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Food of the Gods 

Made for mere mortals at Ambrosia Café

People who don't stay at home to raise their children will never know how much juice really gets spilled (dropped/ thrown) in the course of a day, whether or not a 4-year-old can really lift a gallon of milk (no), how many black olive slices fit up the nose of a 2-year-old, or what a godsend that jabbering purple dinosaur really is.

Because I know the answers to these questions, and more, I snuck out of the house one Saturday morning to have breakfast all by myself at Ambrosia Caf. No one wanted bites of my toast, no one threw themselves sobbing into my lap, there were no cats demanding to be let in or out, and as far as I could see they don't even have a washing machine, much less an out-of-balance one spewing suds.

On top of that, the food was delicious. I had the Ranchero breakfast crepe ($4.95), stuffed with green chiles, fluffy and moist scrambled eggs, Monterey jack cheese and ranchero sauce, topped with more of the sauce and a squiggle of sour cream. Me, I'm not a fan of those places that drop a huge mound of cold sour cream on your hot dish for a garnish. But I did appreciate the long squiggle of the stuff here, because it nicely combatted the growing heat in my mouth. The ranchero sauce is addictive, since the first bite is so flavorful, zingy and tangy, that you're about three bites in before you realize there's some heat here.

Fortunately Ambrosia's smoothies are gigantic, and I had a Berry Blast by my side. All the smoothies are fat-free and (three cheers!) lactose-free, and they taste like tall, cold essence of fresh fruit. The Extremely Peach is just that, so fresh-tasting I expected to find peach fuzz, and the Mango Colada had just the right touch of coconut to taste a little tropical. Smoothies are all $3.40, and for a buck each you can add stuff like bee pollen, ginkgo biloba, ginseng, soy protein and more. If you must, you must, but why mess with perfection?

Besides the breakfast crepes, in the morning you can choose from a variety of pastries, or Cinnamon Roll French Toast, and the cinnamon rolls, made in-house, are meltingly tender and divine. Dipped in egg and grilled they must be true manna.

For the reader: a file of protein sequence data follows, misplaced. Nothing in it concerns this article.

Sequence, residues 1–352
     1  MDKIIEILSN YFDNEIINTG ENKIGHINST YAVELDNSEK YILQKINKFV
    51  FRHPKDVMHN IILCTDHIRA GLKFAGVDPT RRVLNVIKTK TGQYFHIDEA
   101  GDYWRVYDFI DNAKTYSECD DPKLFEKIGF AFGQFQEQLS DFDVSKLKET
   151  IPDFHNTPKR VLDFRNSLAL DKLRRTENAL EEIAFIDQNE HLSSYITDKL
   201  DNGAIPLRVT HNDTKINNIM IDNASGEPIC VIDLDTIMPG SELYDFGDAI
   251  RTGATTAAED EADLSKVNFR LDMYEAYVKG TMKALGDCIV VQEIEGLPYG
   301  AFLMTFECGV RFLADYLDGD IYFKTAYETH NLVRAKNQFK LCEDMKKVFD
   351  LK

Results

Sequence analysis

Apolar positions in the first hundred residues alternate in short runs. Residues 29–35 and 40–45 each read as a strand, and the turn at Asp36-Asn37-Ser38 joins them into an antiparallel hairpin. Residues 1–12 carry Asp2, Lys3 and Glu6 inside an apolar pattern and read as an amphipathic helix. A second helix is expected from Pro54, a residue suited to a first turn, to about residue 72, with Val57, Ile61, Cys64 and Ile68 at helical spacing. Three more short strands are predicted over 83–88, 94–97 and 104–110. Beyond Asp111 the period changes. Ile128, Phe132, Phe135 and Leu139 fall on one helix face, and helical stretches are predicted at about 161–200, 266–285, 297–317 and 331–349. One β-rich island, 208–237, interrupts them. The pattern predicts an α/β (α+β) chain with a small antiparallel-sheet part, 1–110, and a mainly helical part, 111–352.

Or you could get a French Toast Dunk (my next choice), which is bacon sandwiched in French toast with syrup for dunking.

The rest of the day's menu is simple but delicious. There are two entree crepes ($6.50), and the chicken enchilada is substantial but light. This entree would stand on it's own against any Mexican fare, but it is lighter by virtue of being wrapped in a light, delicate crepe instead of a heavier and breadier tortilla. Again, spiced to be flavorful but not overbearing, with the same squiggle of sour cream. The panini sandwiches ($5.95 to $6.25) are gigantic, hot square sandwiches made from impeccably fresh ingredients. The chicken combines chunks of fresh, tender chicken (not deli slices) with fresh basil, melted mozzarella and huge slabs of juicy roasted red pepper. The Cheese Melt combines cheddar, Swiss and provolone with a bit of fresh basil and tomatoes, simple enough for kids to enjoy while being sophisticated enough for adults.

You can also choose one of two Boards, each served with a bread basket. The Garden ($6.95) comes with cheeses, seasonal fruits and berries, nuts and veggies. The Deli ($7.95) was my choice, and it was more food than I could eat alone. The platter was covered with thinly sliced salami and thick fingers of moist, flavorful turkey and medium-rare (not bloody) roast beef. There were carrot and celery sticks, pickles, four kinds of olives and two enormous wedges of cheese (along the lines of Gouda and cheddar, so don't expect any Velveeta here, folks). Oh, yes, and there were cherry tomatoes and a creamy, pungent horseradish sauce that I couldn't stop eating. On the bread plate were homemade cheese biscuits, a long piece of crackery, oniony flatbread, and some round, extremely crispy water crackers. I can't help thinking that ordering these two boards together, to go, would make for the perfect picnic lunch (or dinner), perhaps for listening to some jazz in the parks on a Wednesday evening.

I'm not a person who likes fruit in her tossed salad, generally, but I may have been converted by the salads at Ambrosia. The Field of Dreams is mixed greens with berries, almonds, blue cheese crumbles and raspberry vinaigrette. Even more sumptuous, in my opinion, is the Cleopatra, which combines romaine, spinach, halved red and green grapes, walnuts, matchstick slivers of apple, flakes of Parmesan cheese and cleo dressing (a tangy vinaigrette, not as heavily spiced as Italian dressing, very light and not too oily). You can get a small salad for $3 to $3.50, and a meal-sized for $5.75 to $6.25, and you can add chicken to any salad for an additional $1.50.

I simply haven't had the time (or the room) to try any of the dessert crepes ($4.50), but they intrigue me, with names like Very Berry and Chocolate Bliss. They also carry Theobroma confections, dubbed "Chocolate of the Gods," plus a variety of coffee drinks. Trust me, next time I can ditch the kids, I'm headed to Ambrosia for a Funky Monkey smoothie and one of those dessert crepes, neither of which I'll have to share.

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